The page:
“Critical infrastructure” is a broad term, but 16 types of vital assets qualify, as defined by the National Infrastructure Protection Plan. If your organization is considered “critical infrastructure” and is under an active and potentially catastrophic attack, you should contact the Department of Homeland Security (DHS) National Cybersecurity and Communications Integration Center (NCCIC). They are charged with coordinating the 24/7 defense of your organization as a critical U.S. economic (i.e. bank) or military (i.e., electrical grid) asset while under active potential catastrophic attack.
If DHS does not have the capabilities to stop the attack, DHS will contact the FBI, which will coordinate with the National Security Agency (NSA) through authorities provided within U.S. Code Title 50. This law allows intelligence agencies to provide technical assistance with foreign intelligence capabilities regarding the attack. If return “fires” are needed to stop the attack, the DOD USCYBERCOM will be engaged through authorizations provided through U.S. Code Title 10. This law outlines the roles of the Department of Defense to defend against foreign attackers.
Ultimately, it is up to the President to decide if the United States is under a cyber attack worthy of a military response, which could include cyber and or traditional kinetic weapons. After the active cyber attack is over, you are on your own to remediate your damaged systems.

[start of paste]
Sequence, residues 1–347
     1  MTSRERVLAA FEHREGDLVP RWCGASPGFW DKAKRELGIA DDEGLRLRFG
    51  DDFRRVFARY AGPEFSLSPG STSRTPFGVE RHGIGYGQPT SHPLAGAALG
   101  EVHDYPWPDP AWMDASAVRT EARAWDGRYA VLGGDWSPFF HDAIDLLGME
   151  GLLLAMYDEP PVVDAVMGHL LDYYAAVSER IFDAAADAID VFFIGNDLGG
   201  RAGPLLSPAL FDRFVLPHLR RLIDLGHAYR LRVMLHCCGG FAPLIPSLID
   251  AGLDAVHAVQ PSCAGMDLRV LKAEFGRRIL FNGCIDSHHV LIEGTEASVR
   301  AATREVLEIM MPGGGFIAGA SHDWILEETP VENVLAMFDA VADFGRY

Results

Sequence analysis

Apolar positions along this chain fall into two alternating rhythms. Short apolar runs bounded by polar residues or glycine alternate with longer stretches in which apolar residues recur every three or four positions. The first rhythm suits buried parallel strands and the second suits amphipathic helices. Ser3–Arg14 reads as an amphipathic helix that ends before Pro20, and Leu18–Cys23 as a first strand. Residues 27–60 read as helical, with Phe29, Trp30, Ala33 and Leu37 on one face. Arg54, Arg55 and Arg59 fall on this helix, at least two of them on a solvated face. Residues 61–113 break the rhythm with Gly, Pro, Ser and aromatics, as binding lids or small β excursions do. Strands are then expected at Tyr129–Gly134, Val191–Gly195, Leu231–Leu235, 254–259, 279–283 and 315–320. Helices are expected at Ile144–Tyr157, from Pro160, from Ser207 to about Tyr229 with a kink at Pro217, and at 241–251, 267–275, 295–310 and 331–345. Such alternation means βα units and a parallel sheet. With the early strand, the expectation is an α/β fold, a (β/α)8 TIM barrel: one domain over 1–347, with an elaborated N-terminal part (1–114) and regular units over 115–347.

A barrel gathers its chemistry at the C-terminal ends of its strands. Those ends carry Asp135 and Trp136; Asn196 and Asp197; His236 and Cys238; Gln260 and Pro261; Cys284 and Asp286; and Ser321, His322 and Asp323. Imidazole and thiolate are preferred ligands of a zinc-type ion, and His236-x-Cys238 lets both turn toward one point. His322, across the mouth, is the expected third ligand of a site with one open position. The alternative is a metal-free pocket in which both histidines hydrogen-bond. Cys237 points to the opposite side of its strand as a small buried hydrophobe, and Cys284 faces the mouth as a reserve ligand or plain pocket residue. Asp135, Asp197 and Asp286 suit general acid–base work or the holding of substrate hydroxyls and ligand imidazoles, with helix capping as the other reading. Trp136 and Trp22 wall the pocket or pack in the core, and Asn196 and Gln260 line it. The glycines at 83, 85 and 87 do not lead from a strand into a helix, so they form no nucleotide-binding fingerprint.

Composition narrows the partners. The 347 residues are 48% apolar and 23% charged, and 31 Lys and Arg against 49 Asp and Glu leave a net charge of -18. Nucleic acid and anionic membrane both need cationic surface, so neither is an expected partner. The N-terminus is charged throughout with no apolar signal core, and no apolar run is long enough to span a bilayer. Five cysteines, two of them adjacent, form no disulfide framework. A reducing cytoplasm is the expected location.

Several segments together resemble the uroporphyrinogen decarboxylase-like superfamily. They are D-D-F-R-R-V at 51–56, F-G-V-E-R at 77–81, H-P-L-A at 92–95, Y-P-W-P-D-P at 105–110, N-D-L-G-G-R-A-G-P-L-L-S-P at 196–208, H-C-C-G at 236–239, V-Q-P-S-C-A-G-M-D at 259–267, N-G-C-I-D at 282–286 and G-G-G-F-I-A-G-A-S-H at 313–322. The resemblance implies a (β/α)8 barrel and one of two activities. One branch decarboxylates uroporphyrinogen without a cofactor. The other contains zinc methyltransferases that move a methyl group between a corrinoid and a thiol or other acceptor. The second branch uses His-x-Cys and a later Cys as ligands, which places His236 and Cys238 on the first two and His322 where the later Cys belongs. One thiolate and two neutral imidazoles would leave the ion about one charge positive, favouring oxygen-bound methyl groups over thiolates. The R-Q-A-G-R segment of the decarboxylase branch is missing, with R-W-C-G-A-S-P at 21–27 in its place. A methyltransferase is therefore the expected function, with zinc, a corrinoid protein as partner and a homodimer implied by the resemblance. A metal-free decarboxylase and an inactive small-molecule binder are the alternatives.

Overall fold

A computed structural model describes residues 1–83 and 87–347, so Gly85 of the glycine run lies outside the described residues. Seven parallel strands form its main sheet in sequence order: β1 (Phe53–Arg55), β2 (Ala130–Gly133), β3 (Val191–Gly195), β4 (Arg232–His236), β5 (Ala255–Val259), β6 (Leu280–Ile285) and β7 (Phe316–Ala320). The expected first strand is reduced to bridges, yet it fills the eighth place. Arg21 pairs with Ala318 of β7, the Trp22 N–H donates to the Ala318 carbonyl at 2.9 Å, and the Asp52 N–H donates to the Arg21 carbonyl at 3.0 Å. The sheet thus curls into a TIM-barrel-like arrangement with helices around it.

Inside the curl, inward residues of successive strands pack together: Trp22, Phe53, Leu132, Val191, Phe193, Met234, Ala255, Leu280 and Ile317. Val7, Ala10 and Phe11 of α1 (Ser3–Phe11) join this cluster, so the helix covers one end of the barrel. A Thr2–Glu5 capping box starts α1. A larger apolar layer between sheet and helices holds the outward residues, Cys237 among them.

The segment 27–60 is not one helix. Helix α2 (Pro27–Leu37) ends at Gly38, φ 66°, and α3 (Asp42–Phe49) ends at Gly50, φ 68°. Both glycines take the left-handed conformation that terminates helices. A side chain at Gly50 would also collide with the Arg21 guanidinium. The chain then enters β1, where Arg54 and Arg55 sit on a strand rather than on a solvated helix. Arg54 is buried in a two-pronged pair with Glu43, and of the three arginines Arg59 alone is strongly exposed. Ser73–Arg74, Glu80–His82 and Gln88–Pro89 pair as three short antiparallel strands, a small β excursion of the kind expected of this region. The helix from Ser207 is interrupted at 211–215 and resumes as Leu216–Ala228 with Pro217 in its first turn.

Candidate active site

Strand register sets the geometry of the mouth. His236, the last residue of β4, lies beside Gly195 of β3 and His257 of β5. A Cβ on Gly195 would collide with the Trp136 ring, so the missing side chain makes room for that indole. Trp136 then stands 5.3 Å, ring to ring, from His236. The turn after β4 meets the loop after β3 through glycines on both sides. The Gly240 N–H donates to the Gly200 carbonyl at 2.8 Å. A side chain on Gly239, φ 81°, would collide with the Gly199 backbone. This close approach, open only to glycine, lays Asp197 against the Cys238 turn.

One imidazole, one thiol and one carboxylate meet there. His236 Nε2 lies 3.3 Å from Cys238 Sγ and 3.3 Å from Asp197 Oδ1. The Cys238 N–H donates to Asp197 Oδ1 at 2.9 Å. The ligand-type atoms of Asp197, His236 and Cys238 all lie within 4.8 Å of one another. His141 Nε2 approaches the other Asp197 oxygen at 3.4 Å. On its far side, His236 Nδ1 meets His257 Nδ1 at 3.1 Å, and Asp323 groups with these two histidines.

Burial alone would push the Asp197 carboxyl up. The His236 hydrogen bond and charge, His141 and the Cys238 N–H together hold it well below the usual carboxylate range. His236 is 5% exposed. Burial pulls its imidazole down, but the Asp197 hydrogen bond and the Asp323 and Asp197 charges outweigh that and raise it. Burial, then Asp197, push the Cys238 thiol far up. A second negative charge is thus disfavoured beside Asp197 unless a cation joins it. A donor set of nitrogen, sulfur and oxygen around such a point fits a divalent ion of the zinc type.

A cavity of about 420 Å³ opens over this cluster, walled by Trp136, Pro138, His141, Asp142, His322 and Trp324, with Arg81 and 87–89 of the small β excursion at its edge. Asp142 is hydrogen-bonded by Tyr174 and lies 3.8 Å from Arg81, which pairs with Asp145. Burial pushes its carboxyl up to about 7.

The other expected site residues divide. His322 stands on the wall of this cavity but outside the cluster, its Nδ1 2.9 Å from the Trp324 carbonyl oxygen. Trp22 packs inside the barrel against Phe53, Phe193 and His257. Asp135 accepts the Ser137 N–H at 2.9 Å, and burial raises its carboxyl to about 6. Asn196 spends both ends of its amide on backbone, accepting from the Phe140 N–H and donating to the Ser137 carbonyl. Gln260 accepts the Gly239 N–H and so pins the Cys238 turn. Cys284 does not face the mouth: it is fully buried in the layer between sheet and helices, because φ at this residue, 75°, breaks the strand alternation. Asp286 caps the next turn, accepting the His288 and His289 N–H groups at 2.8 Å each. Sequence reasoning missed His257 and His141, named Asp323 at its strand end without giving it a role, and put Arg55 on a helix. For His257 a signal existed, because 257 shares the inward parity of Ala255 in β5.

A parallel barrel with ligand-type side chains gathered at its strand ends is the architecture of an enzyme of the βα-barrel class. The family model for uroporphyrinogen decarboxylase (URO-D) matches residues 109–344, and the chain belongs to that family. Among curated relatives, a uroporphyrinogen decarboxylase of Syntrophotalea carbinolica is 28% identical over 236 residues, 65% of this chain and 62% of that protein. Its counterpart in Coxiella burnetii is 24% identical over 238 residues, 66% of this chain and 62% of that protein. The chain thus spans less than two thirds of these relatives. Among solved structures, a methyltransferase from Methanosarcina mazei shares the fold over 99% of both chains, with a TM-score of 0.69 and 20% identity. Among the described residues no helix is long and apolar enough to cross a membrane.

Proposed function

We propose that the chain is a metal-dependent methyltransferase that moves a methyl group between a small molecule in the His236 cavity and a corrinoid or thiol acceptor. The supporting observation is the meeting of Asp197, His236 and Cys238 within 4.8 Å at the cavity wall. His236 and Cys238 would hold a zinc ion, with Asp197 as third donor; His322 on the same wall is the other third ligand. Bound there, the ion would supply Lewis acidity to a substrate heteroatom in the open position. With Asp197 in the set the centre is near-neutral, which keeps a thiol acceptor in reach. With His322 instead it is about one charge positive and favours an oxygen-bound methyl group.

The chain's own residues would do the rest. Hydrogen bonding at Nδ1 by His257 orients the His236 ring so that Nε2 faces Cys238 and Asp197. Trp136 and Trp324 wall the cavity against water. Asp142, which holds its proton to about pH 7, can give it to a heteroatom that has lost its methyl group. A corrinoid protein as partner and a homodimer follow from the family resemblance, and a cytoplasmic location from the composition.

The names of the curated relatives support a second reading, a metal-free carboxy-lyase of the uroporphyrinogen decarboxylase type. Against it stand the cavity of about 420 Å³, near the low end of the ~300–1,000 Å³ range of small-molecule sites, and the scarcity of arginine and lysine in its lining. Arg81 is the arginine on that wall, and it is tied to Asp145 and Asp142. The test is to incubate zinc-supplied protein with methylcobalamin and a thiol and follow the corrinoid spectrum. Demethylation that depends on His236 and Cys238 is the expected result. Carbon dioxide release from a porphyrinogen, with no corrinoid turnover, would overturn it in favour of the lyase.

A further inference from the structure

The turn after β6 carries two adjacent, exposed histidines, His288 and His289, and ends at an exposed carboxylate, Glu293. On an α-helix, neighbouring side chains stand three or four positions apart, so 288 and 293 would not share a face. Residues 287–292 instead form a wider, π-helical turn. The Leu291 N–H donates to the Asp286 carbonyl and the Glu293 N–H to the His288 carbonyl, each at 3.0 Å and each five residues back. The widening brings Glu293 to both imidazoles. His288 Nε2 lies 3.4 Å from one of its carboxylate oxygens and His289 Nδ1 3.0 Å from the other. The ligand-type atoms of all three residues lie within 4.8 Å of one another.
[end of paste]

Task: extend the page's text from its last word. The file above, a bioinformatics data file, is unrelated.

When a Defense Industrial Base is under Siege
If you work for a defense contractor on the scale of, say, an organization like Northrop Grumman, the Department of Defense is tasked with your defense if you are under an active and potentially catastrophic attack. The DoD Defense Information Systems Agency (DISA) will handle attacks against the Secret Internet Protocol Router Network (SIPRNet), while the Defense Intelligence Agency (DIA) will handle attacks against the Joint Worldwide Intelligence Communications System (JWICS). If return “fires” are needed, the response will be elevated to USCYBERCOM to take the appropriate actions.
It is imperative that all organizations accept that they are a part of a global and fluid cyber cold war and develop cyber warfare plans to either address cyber attacks directly and or have an established communications plan with the appropriate U.S government agency to ensure they are able obtain assistance as soon as possible to avoid catastrophic damage to the organization.
Organizations under attack should also “circle the wagons” like the old pioneers by joining the appropriate Information Sharing and Analysis Center (ISAC) for their industry (i.e., Electrical Sector-ISAC) and become active in peer-to-peer sharing of strategic defensive strategies, tools and cyber intelligence.Finally, organizations should consider the practical and sage advice of Bob Bigman, former CIA CISO, who when asked to provide advice to CISOs facing the realities of cyber warfare offered: “Most cyber security products simply don't work, and smart architecture and sound governance, policies and procedures always trump sexy technology.”